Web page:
The Importance of Isolation in Water Quality Measurement

What is isolation?

Electronic isolation is the practice of preventing current flow from one electrical system to the other while still allowing information or energy exchange between the two systems.  Benefits of isolation include elimination of ground loops along with electrical surge protection for both users and attached electronic devices.

Isolation is commonly accomplished with optocouplers, via light, or transformers, via magnetic fields, depending on how much energy is transferred and how that energy must be modified.

Methods of Isolation (Simplified)

Optocoupler (or opto-isolator/photocoupler)

This device uses an LED to transfer signals to a photosensor, which either generates an electric current or modifies a current via changing resistance.  As the LED and photoresistor are technically on separate circuits, the gap between the LED and photosensor provides a physical barrier to voltage transfer in the instance of large surges.

Optocoupler for electronic isolation

Isolation Transformer

These work via galvanic isolation, which block DC current but allow AC current to pass through.  The transformer is made up of a ferromagnetic core, around which the input and output wires are coiled.  Alternating current on the input wire induces a magnetic field in the core, which then induces an equal current in the output wire, providing signal transfer while being physically separated.

 

A good video on how transformers work can be found here.

Optocoupler for electronic isolation

The descriptions and images relating to methods of isolation are simplified.  There are many other variations of these two methods and other methods of isolation that are not as common.

 

How does isolation relate to water quality?

Water is an excellent conductor of electricity, not because of the H2O molecules themselves but rather the ions dissolved in it.  These ions transfer electrical current between them with little resistance, allowing currents of varying strengths to pass through the water to reach an area of lower voltage potential or “ground” (e.g. earth ground).  When a typical water quality electrode enters the water, it immediately provides a path to ground for electrical currents.

Depending on the size of the current, the effect can range from minor background noise during measurement to electrical surges that damage the sensor, and anything attached to it (other electronics or humans).

Isolation prevents current (up to a certain voltage) from flowing through a measurement device placed in a charged body of water, thereby protecting attached electronics and the user from potential harm.

 

Sources of Current in Bodies of Water

Charged bodies of water are often encountered in industrial manufacturing facilities such as wastewater treatment plants but can also be found in natural waterways anywhere human activity is present.  Some mechanical devices, such as solenoid pumps, induce currents in the surrounding area when they are powered on.  Attempting to measure water quality close to a solenoid in process control will inevitably lead to background noise and, potentially, unusable measurements if the sensor does not have adequate noise reduction such as isolation and differential amplification for common-mode noise.  The generated currents around motors are generally small enough to be non-hazardous to humans or electronics.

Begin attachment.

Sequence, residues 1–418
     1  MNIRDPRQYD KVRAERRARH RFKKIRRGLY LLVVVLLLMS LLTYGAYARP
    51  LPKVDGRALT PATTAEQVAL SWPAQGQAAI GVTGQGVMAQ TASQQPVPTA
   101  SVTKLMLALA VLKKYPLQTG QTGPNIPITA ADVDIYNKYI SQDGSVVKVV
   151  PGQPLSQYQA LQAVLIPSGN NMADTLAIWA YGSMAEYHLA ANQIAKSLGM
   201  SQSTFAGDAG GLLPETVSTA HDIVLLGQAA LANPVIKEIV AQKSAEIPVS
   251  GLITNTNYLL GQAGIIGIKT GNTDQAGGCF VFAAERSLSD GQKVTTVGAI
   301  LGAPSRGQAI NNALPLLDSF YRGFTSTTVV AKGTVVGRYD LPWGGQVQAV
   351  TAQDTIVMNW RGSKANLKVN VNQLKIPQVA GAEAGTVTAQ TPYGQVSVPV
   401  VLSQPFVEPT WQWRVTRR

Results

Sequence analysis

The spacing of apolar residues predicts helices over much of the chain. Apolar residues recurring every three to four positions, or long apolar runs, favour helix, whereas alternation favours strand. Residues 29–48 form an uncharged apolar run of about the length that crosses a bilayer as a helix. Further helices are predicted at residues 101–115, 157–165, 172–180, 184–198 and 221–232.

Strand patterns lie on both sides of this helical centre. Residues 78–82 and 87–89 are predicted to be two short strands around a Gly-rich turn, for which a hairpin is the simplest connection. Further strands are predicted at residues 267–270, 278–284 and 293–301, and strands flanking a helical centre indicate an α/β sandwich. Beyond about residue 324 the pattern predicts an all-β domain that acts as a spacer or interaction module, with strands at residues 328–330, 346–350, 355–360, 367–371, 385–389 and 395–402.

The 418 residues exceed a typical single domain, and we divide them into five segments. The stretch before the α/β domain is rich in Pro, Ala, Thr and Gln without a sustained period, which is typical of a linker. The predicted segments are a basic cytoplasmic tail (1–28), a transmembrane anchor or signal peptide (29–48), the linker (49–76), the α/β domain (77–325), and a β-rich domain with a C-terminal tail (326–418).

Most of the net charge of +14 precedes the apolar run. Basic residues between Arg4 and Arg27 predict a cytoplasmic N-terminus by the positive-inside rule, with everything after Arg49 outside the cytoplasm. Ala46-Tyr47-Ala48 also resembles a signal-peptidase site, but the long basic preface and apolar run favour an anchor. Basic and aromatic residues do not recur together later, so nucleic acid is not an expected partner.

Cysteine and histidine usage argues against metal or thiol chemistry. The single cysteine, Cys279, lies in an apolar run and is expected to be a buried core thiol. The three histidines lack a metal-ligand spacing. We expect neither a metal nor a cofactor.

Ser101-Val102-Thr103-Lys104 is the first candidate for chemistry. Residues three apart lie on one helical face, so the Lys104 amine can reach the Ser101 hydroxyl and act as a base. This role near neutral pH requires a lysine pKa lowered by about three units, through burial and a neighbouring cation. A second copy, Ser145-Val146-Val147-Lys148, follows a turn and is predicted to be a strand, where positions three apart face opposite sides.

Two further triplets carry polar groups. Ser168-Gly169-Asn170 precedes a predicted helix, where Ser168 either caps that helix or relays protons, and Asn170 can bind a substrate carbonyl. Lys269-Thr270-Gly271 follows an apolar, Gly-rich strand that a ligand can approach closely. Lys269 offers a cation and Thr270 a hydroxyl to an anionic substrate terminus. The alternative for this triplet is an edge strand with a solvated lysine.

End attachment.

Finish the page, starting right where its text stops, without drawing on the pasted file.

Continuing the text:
Improper grounding of electronics is another source of both large and small electrical current.  It results in ground loop formation, causing current to be transferred to water from metal pipes or containers. The released current can cause background noise or large random spikes in electronic measurements. An example of ground loop formation that may be familiar is the humming made when a sound system is plugged in.  The humming signifies that one or more of the devices is not properly grounded, resulting in noise.  Improper grounding can be difficult to diagnose or fix and is a serious concern for water quality measurement due to the conductive nature of water.

In a similar vein is damaged electronics, as any exposed circuit could release an electrical current into the water.  In this instance, as with ground loops, isolation prevents damage that would otherwise occur from the electric surge, saving money and potentially lives.

 

Conclusion

Isolation, along with differential amplification, allows water quality sensors and transmitters to perform accurately in many applications where non-isolated devices cannot.  The inherent safety for both users and connected electronics is another reason why an isolated device is always recommended when working with conductive solutions. 

pHionics products always include isolation, along with differential amplification for additional noise reduction, ensuring accurate measurement so none of your time and effort goes to waste.  To see a full breakdown of our features, please visit our products page.

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